Olin Business School Student Puts Love of Running to Work for Social Causes

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An entrepreneurship student at Olin Business School, Washington University in St. Louis, and member of the university’s track team, launches a running apparel venture that will help fight world hunger.

Members of the Washington University in St. Louis cross country team are ready to run a race in the global marketplace with a goal to fight world hunger and water needs. Janji – the name means promise in Malay – is a socially conscious business that is launching a line of running apparel this month and will be available in more than 60 specialty running stores this summer.

“This public release is something we’ve been building towards for two years,” says Mike Burnstein an avid runner and one of the founders of Janji. Burnstein will graduate this month with a degree in urban studies and a minor in business from Olin Business School at Washington University in St. Louis. He developed Janji's business plan in an entrepreneurship course at Olin.

Company profits will go to fight world hunger and water needs.

“It is extremely exciting to finally release something that will have a global impact —providing clean water and nutrition to people who need it,” Burnstein says.

Janji aims to make a global impact on the food and water crisis through sales of its running apparel. The design of the shorts is based on the flags of the countries that will receive funds from the company, including Kenya and Haiti. With each piece of apparel sold proceeds go directly toward sustainable solutions.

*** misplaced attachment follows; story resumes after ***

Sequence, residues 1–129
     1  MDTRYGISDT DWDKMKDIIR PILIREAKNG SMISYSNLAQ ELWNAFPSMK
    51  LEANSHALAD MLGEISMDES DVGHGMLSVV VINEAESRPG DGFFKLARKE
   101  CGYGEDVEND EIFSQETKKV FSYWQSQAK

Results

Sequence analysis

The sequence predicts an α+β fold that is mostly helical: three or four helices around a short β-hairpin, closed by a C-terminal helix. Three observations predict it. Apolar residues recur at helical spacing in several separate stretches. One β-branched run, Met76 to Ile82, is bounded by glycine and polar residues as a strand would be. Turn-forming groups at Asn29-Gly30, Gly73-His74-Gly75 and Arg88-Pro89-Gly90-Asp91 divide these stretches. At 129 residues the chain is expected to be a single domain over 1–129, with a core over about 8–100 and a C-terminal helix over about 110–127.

For instance, eight days of nutrition are supplied when a runner buys a pair of the Haiti shorts.

Janji shorts will be sold in more than 60 running stores across the United States beginning this summer.

The idea for Janji began on the way to the 2010 Division III Outdoor Track and Field Championships, when Burnstein and fellow runner Dave Spandorfer were motivated by a vision to end the food and water crisis through the power of running.

“The inspiration for Janji was to connect runners to the global food and water crisis, which afflicts over a billion people,” says Spandorfer, a 2011 history and international business graduate. “We want to give runners something bigger to run for than their own personal performance.”

They chose the name, Janji, which means “promise” in Malay, because their organization is built on the promise to “run for another.”

From the beginning, Janji has had considerable start-up success by winning grants and business competitions, which led to nationwide recognition and the attention of many inspired running store owners.

Janji was awarded a total of $15,000 at the 2011 Youthbridge Social Enterprise and Innovation Competition (SEIC) at Washington University. The competition is a joint partnership between the YouthBridge Community Foundation and WUSTL’s Skandalaris Center for Entrepreneurial Studies.

“Competing in the SEIC offered us more than funding,” Burnstein says. “It allowed us to refine our concept from a small idea to a sustainable business. Without that experience we wouldn’t exist.”

The YouthBridge SEIC is unique in St. Louis and, in terms of monetary awards, is one of the largest competitions of its kind in the United States.

Janji also won first place and $20,000 in the 2011 University of Colorado at Colorado Springs Sports/Outdoors Business Plan Competition, beating out 15 other teams.

Janji is releasing its products nationwide this summer in select running stores, starting with the May 3 launch party at St. Louis’ Big River Running Company.

Runners are invited to be the first to view and purchase the new apparel, along with the opportunity to meet the young entrepreneurs who made their dream a reality.

The event begins at 7 p.m. Thursday, May 3, at Big River Running, 14059 Manchester Road in Manchester, Mo.

For more information on Janji, visit runjanji.com. For more information about the May 3 launch, email Mike(at)RunJanji(dot)com.

For more information, visit the Olin Business School website:

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Neil Schoenherr
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